Deccan Healthcare, an India-based developer of nutraceut! ical products for boosting immunity and addressing chronic ailments, has raised 15 crore (US$3.2m) in VC funding from Nexus Venture Partners.
StatusNet, a Montreal-based developer of an open-source micro-blogging platform, has raised C$875,000 in seed funding. Backers include Montreal Start Up, iNovia Capital and Oleg Tscheltzoff (Fotolia.com).
Accel-KKR has agreed to acquire the assets and liabilities of customer service software provider KANA Software Inc. (OTC BB: KANA), for approximately $48.9 million.
The Blackstone Group has opened refinancing discussions with lenders to portfolio company Hilton Hotels, according to The Wall Street Journal. Blackstone reportedly is considering an arrangement in which it would invest $800 million of new equity to buy back debt at a discount. The firm acquired Hilton in July 2007 for $26 billion, including $20.6 billion of leverage.
TCW has agreed to buy a 50% equity stake in three UK wind farms from Centrica PLC (LSE: CAN)! , for £84 million in cash.
Triton Pacific Capital Partners has acquired a majority stake in MyPrint Corp., an Irvine, Calif.-based provider of managed print and promotional marketing programs. No financial terms were disclosed.
Addus Homecare Corp., a Palatine, Ill.-based provider of social and medical services in the home, raised $54 million in its IPO. The company priced 5.4 million shares at $10 per share, compared to an original plan to offer 5 million shares at between $11 and $13 per share. Addus will begin trading on the Nasdaq under ticker symbolADUS, while Robert W. Baird and Jefferies & Co. served as co-underwriters.Eos Partnersheld a 78.9% pre-IPO position.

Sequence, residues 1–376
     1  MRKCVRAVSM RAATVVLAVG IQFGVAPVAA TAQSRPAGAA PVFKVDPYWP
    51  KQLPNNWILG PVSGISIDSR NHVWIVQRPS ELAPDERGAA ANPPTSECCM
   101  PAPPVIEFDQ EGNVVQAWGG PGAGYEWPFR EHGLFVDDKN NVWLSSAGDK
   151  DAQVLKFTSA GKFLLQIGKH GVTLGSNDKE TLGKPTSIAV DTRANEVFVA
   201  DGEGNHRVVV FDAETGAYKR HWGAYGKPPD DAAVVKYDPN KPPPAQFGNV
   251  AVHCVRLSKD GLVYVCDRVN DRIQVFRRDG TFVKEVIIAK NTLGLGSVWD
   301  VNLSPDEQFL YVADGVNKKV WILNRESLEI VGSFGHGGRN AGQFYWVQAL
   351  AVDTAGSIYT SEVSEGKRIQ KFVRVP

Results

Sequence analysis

TPG Capital has sold its remaining 9% stake in UK department store chain Debenhams to an unnamed hedge fund, for approximately £100 million. The sale was at a slight discount to Debenhams’ market price.
Jon Steinberg has joined Polaris Venture Partners as a New York-based executive-in-residence, according to a message on his blog. He previously was strategic partner development managerfor Google’s Small Medium Business Partnerships group. www.polarisventures.com
Nixon Peabody LLP has named David Martland as head of its M&A and private company transactions practice. He joined Nixon Peabody in 2003, and succeeds Philip Taub, who was named chair of the business and finance department.
Henry Ong and Jasson Hanhave joined the Hong Kong office of law firm Weil, Gotshal & Manges LLP as apartner and partner-level senior consultant, respe! ctively. They previously were with Simmons & Simmons.